The Jena Diversity model (JeDi) simulates

plant survi

\n\nThe Jena Diversity model (JeDi) simulates

plant survival according to essential plant functional trade-offs, including ecophysiological processes such as water uptake, photosynthesis, allocation, reproduction and phenology. We use JeDi to quantify changes in plant functional richness and biome shifts between present-day and a range of possible future climates from two SRES emission scenarios (A2 and B1) and seven global climate models using metrics of plant functional richness and functional identity.\n\nOur results show (i) a significant loss of plant functional richness in the tropics, (ii) an increase in plant functional richness at mid and high latitudes, and (iii) a pole-ward shift of biomes. While these results are consistent with the findings of empirical approaches, we are able to explain them in terms of the plant functional trade-offs involved in the allocation, metabolic and reproduction strategies of plants.\n\nWe LCL161 conclude that general aspects of plant physiological tolerances can be derived from functional trade-offs, which may provide a useful process-and trait-based alternative to bioclimatic relationships. Such a mechanistic approach may be particularly relevant when addressing vegetation responses to climatic changes that encounter novel combinations of climate parameters that do not exist under contemporary climate.”

To compare combined intrastromal learn more corneal ring segment implantation with same-day ultraviolet-A/riboflavin corneal collagen cross-linking (ICRS-CXL) versus ICRS implantation alone in patients with corneal ectasia.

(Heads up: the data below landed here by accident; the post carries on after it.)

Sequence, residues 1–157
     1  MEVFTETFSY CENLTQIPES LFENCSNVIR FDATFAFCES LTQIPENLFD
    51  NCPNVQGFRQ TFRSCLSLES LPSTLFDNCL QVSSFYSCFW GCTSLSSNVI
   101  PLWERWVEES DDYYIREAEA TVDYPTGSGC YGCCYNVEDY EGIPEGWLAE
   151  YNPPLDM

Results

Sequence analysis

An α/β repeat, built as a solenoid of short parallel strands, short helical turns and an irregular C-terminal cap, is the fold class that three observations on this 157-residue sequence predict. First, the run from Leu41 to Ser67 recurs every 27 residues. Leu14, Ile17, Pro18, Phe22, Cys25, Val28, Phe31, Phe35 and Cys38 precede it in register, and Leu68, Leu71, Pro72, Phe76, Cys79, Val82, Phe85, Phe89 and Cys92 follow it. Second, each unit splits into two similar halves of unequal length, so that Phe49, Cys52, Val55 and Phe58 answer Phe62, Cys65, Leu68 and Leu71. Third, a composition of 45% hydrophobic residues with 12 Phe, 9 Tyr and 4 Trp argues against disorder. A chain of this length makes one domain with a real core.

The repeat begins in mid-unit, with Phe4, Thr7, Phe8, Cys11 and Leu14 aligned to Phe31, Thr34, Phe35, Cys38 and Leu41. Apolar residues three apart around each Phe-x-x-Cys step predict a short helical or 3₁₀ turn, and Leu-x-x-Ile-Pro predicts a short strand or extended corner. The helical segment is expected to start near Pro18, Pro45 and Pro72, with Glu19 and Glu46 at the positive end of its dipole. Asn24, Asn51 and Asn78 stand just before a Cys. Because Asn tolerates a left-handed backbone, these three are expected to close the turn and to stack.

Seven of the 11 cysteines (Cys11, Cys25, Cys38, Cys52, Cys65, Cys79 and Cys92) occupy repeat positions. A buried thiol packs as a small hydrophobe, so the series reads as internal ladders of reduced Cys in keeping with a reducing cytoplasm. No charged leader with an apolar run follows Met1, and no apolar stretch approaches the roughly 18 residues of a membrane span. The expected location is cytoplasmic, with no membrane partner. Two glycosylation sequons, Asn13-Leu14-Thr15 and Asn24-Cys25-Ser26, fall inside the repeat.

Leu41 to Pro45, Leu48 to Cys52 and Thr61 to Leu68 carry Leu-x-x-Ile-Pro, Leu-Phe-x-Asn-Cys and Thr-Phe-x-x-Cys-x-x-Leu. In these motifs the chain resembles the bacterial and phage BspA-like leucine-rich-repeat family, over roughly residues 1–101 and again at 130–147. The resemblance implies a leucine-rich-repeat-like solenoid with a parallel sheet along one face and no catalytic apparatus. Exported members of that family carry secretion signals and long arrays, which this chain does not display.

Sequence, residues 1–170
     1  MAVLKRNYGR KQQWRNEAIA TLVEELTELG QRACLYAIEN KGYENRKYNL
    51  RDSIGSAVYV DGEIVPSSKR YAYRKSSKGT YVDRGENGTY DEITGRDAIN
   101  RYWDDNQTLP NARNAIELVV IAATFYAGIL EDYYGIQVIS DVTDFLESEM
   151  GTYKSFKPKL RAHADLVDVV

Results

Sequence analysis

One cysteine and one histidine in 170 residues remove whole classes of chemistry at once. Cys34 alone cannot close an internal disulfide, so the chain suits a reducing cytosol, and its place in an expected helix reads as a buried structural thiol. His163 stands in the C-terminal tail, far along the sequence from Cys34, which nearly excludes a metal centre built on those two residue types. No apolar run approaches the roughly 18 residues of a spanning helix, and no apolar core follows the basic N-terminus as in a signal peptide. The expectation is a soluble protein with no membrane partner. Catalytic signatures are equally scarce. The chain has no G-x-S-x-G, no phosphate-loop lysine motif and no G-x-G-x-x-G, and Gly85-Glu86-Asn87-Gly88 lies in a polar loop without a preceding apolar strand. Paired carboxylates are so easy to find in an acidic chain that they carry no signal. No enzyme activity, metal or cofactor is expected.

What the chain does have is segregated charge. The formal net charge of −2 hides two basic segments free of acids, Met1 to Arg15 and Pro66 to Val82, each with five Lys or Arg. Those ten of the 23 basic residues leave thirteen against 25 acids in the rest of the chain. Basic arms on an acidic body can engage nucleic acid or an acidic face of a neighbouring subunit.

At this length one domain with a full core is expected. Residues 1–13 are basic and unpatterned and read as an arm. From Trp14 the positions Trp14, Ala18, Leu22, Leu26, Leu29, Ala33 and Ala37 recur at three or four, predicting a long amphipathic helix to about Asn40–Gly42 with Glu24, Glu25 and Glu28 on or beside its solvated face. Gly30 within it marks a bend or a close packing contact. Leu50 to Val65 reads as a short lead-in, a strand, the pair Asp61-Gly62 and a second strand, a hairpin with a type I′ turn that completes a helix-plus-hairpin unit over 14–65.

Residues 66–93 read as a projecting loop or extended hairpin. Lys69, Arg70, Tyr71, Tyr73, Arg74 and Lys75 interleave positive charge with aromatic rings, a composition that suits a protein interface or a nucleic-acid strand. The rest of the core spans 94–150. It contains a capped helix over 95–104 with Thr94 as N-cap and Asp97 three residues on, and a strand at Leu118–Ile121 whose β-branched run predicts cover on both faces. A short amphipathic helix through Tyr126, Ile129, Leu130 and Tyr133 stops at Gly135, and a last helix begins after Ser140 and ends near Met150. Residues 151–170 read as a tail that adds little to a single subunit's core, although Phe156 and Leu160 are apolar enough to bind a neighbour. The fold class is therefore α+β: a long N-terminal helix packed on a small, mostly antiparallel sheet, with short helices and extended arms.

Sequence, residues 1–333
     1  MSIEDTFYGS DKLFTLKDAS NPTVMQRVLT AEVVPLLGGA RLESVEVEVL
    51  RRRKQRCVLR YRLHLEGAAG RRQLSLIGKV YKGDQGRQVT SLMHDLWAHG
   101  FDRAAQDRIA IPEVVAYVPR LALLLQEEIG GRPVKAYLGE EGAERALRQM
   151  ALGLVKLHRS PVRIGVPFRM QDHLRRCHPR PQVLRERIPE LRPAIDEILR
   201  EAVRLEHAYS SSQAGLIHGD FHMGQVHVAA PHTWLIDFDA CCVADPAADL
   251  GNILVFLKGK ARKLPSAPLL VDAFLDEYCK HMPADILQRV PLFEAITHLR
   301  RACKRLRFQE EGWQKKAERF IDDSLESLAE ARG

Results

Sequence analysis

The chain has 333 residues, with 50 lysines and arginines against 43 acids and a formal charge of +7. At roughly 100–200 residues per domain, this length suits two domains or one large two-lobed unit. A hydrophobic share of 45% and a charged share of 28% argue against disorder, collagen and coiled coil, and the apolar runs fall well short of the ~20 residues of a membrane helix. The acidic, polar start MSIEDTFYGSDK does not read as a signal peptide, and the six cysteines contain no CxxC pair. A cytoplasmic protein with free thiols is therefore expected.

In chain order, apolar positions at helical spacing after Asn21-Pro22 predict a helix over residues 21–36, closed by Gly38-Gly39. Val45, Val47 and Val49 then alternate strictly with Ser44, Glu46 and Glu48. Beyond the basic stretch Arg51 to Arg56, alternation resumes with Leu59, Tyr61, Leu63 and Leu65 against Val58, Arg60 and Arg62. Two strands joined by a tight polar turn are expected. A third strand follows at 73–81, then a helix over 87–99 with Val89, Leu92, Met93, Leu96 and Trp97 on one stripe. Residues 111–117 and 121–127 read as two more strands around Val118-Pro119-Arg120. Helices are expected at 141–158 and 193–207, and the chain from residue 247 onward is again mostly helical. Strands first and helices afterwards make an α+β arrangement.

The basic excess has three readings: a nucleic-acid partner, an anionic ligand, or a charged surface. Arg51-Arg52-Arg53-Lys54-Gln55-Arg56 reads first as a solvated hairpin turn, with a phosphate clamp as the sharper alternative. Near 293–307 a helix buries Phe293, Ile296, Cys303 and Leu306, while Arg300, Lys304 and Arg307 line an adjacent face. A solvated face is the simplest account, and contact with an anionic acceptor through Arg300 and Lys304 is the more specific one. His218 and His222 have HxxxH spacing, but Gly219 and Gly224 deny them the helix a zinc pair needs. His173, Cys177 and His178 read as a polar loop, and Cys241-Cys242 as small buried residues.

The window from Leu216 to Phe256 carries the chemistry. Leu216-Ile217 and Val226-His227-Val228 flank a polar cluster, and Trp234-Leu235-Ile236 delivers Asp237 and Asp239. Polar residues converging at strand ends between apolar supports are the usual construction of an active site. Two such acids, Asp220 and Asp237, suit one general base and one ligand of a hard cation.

Design: Retrospective comparative study. Participants: Sixty-six eyes from 54 patients with corneal ectasia were included in the study. The groups were composed of 32 eyes from 27 patients and 34 eyes from 27 patients for the ICRS-CXL and ICRS groups, respectively. Methods: We reviewed the charts of all patients who underwent these procedures from November 2008 to February 2011 for preoperative and for up to 1 year postoperative uncorrected (UDVA) and best corrected distance visual acuity (BDVA), refraction, topographical analysis (mean and steepest keratometry [K]), as well as root mean-square (RMS) of higher-order aberrations (HOAs). Results: Overall, a significant Epoxomicin improvement was seen in both groups for UDVA, BDVA, sphere, cylinder, mean refractive spherical equivalent (MRS E), mean and steepest K, coma, spherical and total HOA at 12 months. Trefoil did not improve, and higher-order astigmatism worsened in the ICRS group (p = 0.0466). There was no statistically significant difference between the 2 groups for visual acuity, sphere, cylinder, coma, trefoil, and spherical HOA. Outcomes were significantly more improved in the ICRS group for MRSE (p = 0.0082), mean K (p = 0.0021), steepest K (p = 0.0152), and total HOAs (p = 0.0208). No complications were observed. Conclusions: ICRS-CXL and ICRS alone were both safe and effective in treating corneal ectasia.

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